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How Bahrain has become a Saudi-Iranian battleground

How Bahrain has become a Saudi-Iranian battleground

Men in Bahrain protest against the government

By Rasheed Abualsamh

THE SIGHT of smiling Saudi soldiers flashing the V-sign of peace as they rolled into Bahrain in light-armored vehicles on March 14 must have surprised many Saudis and Bahrainis who probably had never dreamed they would witness such a scene in their lives.

But King Hamad bin Issa Al-Khalifa, the minority Sunni-ruler of Bahrain, who along with his family have been in power for the past 200 years, had called upon fellow member states of the six-nation Gulf Cooperation Council for help in quelling the weeks-long often violent protests of the majority Shiites, which had now moved from Pearl Square to blocking the entrances to the financial district.

Bahrain has always been proud of its relative openness and ease of doing business. Having mobs of its own dissatisfied citizens turning the tiny island-state into something decidedly less than business-friendly was too much for some in the royal family. For behind the scenes a struggle was emerging between the more reform-minded Crown Prince Salman bin Hamad Al-Khalifa and the hardline Prime Minister Sheikh Khalifa bin Salman Al-Khalifa. The arrival of GCC troops (the United Arab Emirates contributed 500 soldiers, as well as reinforcements from Qatar and Kuwait) and the subsequent violent removal of the protesters from the financial district left no doubt that the hardliners were winning.

“Bahrain is seen as Saudi Arabia’s backyard, and an overthrow of the Al-Khalifa would open the door more widely than before for Iranian influence,” said Christopher Davidson, reader in Middle East politics at Durham University in the UK, and the author of several books on the UAE. “More importantly, it’s a red line for autocratic Gulf regimes as much as a geopolitical red line: if the Al-Khalifa fall, it will break the ‘bubble of invincibility’ of Gulf sheikhs.”

The televised scenes of Shiite Bahraini protesters being shot at close range and in some cases being denied access to prompt medical care cast the conflict in a horrific way: The wealthy, Sunni elite versus the poorer and discriminated against Shiites who were asking for better jobs, a constitutional monarchy and a fully-elected parliament. At first the king made a few concessions by reshuffling his cabinet, promising new elections down the road and giving cash handouts to the people. But the Shiite opposition parties rejected these as not enough, and soon hardliners on both sides had dug in their heels. Even the Shiite opposition seemed split between the Wefaq party and Hassan Mushaima, who recently having been pardoned and let back into the country by the king, was calling for the monarchy to be abolished and a republic to be formed.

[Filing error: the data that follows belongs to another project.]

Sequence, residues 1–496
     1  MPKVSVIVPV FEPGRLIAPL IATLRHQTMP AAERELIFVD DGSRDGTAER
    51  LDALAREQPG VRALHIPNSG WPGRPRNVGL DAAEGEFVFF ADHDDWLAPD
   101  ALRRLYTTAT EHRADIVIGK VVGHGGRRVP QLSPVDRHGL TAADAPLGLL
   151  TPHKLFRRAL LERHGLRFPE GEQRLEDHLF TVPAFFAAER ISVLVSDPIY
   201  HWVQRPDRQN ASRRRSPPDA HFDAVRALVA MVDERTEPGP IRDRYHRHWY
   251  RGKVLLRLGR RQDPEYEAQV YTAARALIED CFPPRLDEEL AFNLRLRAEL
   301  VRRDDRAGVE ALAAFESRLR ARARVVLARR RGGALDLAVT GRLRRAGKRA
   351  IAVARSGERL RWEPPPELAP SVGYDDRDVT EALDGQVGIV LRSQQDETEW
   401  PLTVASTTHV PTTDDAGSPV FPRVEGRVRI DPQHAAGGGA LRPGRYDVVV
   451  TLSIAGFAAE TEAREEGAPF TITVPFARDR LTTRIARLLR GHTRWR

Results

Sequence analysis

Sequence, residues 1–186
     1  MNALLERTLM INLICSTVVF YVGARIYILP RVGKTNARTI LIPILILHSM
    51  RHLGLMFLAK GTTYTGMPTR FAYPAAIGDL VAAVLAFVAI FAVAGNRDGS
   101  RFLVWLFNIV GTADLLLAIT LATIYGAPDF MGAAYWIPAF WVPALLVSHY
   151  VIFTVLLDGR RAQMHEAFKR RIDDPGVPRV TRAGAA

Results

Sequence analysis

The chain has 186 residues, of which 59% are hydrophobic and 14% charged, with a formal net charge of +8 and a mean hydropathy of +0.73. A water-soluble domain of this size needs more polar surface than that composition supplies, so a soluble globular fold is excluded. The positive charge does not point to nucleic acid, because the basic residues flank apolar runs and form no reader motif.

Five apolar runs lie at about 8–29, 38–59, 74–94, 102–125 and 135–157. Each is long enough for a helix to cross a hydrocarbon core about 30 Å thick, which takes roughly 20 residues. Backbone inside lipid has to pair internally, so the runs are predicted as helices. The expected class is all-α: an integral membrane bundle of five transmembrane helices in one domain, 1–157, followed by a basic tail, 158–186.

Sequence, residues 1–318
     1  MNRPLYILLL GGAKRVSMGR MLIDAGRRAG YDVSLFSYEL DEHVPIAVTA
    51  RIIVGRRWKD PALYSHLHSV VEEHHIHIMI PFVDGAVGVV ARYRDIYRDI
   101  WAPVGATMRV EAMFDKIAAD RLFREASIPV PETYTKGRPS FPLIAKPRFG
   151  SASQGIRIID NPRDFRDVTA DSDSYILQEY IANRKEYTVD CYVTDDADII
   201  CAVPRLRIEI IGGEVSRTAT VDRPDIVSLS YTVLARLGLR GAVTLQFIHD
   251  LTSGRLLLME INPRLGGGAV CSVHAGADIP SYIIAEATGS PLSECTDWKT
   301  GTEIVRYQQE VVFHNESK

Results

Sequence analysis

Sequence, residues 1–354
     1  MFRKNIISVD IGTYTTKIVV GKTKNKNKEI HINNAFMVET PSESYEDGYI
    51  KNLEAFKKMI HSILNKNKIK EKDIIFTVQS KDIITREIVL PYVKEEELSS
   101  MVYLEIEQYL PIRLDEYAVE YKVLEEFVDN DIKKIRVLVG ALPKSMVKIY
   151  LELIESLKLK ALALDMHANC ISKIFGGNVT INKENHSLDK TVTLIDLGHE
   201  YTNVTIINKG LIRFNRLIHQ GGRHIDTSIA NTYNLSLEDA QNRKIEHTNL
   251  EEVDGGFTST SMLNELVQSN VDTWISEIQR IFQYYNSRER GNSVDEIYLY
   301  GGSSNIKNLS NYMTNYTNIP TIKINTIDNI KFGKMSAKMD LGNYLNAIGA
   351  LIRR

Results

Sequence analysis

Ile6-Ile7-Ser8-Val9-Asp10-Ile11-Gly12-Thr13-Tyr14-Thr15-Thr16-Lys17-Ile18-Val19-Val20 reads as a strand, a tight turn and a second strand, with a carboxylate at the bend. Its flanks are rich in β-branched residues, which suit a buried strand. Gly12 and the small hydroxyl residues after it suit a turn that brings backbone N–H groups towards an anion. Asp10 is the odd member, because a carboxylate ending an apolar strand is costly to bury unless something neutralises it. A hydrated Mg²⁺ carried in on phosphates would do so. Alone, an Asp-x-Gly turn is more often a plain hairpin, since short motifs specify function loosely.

This radicalization of Shiite demands must have sent shock waves through Riyadh, Doha, Kuwait City, Abu Dhabi and Muscat, the capitals of Gulf countries with hereditary rulers that have never had to share much power with anyone.  Mushaima and five other opposition leaders were promptly arrested and jailed.

These sad events caused Shiites in Iraq and Lebanon to hold rallies to show their solidarity with their brethren in Bahrain, and to call for Saudi troops to be withdrawn. In Iran, 700 protesters threw stones at the Saudi Consulate in Mashhad on March 18, and in Tehran last week a radical cleric, Ayatollah Ahmad Jannati, called on Bahraini Shiites to “resist against the enemy until you die or win.” Iran later withdrew its ambassador from Bahrain, and the island-state then expelled Iran’s charge d’affaires.  Finally on March 20, the king of Bahrain, clearly alluding to Iran, announced that his country had foiled a three-decades long plot by an unnamed foreign nation to destabilize his country when his army clamped down on the pro-democracy protesters.

Many observers have therefore cast the showdown in Bahrain as a proxy battle between Sunni-majority Saudi Arabia and Shiite-majority Iran for influence in the region. With Shiites having come to power recently in Iraq and Lebanon, Bahrain has become a red-line in the sand for Iran’s expanding influence in the region that none of the Sunni-ruled Gulf states will allow to be crossed.

“Bahrain is seen as Saudi Arabia’s backyard, and an overthrow of the Al-Khalifa would open the door more widely than before for Iranian influence,” said Christopher Davidson, reader in Middle East politics at Durham University in the UK, and the author of several books on the UAE. “More importantly, it’s a red line for autocratic Gulf regimes as much as a geopolitical red line: if the Al-Khalifa fall, it will break the ‘bubble of invincibility’ of Gulf sheikhs.”

Toby Jones, an assistant professor of Middle East history at Rutgers University in New Jersey, and a specialist in Saudi affairs, stressed in an interview that it was the Gulf governments that were turning the Bahrain protests into a sectarian issue and not the protesters themselves.

“None of the Arab states in the Gulf want to see a close neighbor fall, particularly with the various sectarian elements at play. I want to be clear here, though, that I think it is the Arab Gulf Sunni governments and not the protesters in Bahrain or elsewhere that are playing the sectarian card. My sense, and I know many of them, is that the protesters are serious about democracy,” Jones said.